The Department of Health (DOH) is reminding mothers not to give their babies rice water—also known as “am”—as a substitute for breast milk or formula.
Health Assistant Secretary Paulyn Ubial said rice water was not entirely bad but it should only be given as a vitamin B supplement, particularly after diarrheal episodes.
She noted that giving “am” to babies as their main source of food was still a rampant practice in the rural areas.
“Rice water cannot replace breast milk or even formula because it contains only vitamin B. It has no proteins, carbohydrates and other vitamins and minerals that infants need for their growth and development,” Ubial said in an interview with reporters.
Rice water is the starch that breaks off to the surface when rice is boiled. It is a cheap rehydration fluid after a bout of diarrhea, vomiting or gastroenteritis when electrolyte solutions are unavailable.
Ubial said the misconception about rice water stemmed from its promotion as a vitamin B supplement in the 1950s when vitamin B1 or thiamine deficiency was rampant among babies.
“Since supplements were not that popular then, doctors advised ‘am’ and the notion that it was good for babies was passed on to the next generations… but they didn’t know that the context of such advice was only after diarrheal episodes,” said the health official.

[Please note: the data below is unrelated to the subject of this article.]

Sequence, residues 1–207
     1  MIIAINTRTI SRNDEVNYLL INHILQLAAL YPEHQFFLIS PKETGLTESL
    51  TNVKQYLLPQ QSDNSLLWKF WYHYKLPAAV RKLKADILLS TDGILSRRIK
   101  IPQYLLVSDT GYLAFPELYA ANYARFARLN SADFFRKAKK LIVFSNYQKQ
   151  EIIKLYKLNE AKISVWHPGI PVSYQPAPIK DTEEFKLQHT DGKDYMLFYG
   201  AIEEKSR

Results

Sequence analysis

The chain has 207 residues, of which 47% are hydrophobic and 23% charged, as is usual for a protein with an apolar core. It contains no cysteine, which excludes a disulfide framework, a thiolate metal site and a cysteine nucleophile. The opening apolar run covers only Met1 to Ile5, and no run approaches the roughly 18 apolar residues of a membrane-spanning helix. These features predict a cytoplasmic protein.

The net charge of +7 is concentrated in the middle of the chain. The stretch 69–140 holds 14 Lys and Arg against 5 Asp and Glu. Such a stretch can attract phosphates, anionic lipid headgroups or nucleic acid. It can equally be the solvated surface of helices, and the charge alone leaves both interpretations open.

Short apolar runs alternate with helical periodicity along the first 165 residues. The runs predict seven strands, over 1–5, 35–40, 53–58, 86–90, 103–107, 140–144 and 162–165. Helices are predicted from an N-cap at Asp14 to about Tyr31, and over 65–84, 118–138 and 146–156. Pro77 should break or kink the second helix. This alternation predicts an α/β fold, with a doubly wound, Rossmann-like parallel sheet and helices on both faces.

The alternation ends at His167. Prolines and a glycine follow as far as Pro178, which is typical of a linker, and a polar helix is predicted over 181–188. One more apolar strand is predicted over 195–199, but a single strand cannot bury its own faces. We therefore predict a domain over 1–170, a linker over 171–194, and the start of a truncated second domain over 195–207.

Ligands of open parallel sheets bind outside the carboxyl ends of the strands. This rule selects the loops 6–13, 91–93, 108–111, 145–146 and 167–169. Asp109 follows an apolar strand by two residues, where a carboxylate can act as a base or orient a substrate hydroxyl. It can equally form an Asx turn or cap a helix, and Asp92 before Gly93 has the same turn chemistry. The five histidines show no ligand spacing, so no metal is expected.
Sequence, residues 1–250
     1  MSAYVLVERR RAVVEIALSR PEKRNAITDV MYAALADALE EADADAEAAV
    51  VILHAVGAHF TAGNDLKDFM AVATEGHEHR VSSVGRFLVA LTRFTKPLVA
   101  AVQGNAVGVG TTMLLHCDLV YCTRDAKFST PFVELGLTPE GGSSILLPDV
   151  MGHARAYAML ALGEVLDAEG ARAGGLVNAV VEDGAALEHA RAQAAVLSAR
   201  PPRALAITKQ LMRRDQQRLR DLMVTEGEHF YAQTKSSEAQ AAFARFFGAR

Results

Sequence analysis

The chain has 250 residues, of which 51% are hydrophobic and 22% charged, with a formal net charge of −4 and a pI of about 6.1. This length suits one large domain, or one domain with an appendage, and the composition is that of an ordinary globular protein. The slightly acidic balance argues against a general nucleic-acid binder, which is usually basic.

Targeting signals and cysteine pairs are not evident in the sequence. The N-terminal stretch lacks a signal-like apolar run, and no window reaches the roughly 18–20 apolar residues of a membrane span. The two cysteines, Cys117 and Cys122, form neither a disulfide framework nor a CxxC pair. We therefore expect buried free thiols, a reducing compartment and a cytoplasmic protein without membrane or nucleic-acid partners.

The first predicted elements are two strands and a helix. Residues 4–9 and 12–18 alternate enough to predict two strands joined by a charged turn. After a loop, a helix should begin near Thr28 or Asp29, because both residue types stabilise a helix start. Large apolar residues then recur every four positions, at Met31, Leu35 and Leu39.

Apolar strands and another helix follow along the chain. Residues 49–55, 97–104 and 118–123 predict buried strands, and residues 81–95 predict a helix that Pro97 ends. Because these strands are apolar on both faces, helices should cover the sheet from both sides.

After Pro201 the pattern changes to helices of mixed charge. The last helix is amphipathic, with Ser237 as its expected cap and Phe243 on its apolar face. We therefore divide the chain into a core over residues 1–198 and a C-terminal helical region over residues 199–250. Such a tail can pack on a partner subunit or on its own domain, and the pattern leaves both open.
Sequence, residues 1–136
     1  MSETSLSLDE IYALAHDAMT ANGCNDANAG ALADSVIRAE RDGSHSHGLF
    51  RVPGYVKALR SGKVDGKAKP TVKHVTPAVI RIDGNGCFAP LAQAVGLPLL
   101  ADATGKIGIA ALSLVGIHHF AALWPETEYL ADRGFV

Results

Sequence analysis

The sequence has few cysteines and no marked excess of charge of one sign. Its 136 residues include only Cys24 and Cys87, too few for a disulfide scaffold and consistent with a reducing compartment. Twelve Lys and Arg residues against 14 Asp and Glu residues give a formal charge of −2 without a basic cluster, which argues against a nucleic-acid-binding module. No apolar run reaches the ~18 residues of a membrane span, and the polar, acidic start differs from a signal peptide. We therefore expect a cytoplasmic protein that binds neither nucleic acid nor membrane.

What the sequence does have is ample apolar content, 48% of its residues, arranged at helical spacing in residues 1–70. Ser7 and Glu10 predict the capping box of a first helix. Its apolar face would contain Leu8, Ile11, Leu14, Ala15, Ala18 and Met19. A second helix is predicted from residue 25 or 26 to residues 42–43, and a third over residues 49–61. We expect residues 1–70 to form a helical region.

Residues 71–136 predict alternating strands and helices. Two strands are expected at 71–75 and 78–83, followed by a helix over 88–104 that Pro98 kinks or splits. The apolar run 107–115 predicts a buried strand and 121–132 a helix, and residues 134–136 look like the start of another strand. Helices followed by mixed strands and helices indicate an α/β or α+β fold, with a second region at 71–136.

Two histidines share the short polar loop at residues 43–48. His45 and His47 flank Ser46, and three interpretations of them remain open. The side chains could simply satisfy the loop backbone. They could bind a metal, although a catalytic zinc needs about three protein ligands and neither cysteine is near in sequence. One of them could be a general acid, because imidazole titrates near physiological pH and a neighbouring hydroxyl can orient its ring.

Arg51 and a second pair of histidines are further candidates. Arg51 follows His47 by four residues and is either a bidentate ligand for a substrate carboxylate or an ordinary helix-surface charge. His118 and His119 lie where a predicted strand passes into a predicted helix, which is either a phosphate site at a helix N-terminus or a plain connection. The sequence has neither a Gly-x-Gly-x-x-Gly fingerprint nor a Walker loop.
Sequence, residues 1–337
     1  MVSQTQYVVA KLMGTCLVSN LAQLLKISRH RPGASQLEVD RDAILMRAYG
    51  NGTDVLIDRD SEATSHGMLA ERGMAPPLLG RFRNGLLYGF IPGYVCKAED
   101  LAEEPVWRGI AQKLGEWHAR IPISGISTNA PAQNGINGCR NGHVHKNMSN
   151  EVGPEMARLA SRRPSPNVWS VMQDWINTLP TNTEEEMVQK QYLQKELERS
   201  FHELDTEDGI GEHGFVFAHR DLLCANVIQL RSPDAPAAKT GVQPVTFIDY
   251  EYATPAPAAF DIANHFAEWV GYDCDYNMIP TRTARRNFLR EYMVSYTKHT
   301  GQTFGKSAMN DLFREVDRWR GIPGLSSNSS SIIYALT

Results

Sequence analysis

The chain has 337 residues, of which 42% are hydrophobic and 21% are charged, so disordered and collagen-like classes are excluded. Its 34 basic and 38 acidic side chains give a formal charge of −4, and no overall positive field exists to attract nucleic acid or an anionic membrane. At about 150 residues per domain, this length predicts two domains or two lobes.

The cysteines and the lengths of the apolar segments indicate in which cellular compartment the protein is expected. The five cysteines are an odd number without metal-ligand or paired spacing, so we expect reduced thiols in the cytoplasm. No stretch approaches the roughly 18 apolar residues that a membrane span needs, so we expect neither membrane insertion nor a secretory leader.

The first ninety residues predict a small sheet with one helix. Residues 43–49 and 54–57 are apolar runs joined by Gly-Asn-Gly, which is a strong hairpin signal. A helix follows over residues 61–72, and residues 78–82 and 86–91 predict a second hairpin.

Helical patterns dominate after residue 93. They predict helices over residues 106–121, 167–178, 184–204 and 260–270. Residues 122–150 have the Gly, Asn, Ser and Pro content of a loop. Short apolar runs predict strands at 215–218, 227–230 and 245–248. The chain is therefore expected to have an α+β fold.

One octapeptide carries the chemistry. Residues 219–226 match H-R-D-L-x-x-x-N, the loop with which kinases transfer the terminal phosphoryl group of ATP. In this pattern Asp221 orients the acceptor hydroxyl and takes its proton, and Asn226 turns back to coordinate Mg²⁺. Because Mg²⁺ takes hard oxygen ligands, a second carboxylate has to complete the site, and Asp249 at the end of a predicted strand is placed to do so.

Ubial said the best food for infants was still breast milk and that mothers should strive to exclusively breastfeed at least for six months to ensure that their babies are healthy.
The World Health Organization recommends mothers to exclusively breastfeed their infants for the first six months to achieve optimal growth, development and health, citing studies showing that breast milk reduces infant mortality due to malnutrition and common childhood illnesses such as diarrhea and pneumonia.
“We promote breastfeeding and nothing more. After six months, mothers should give their babies table food and continue breastfeeding,” said Ubial.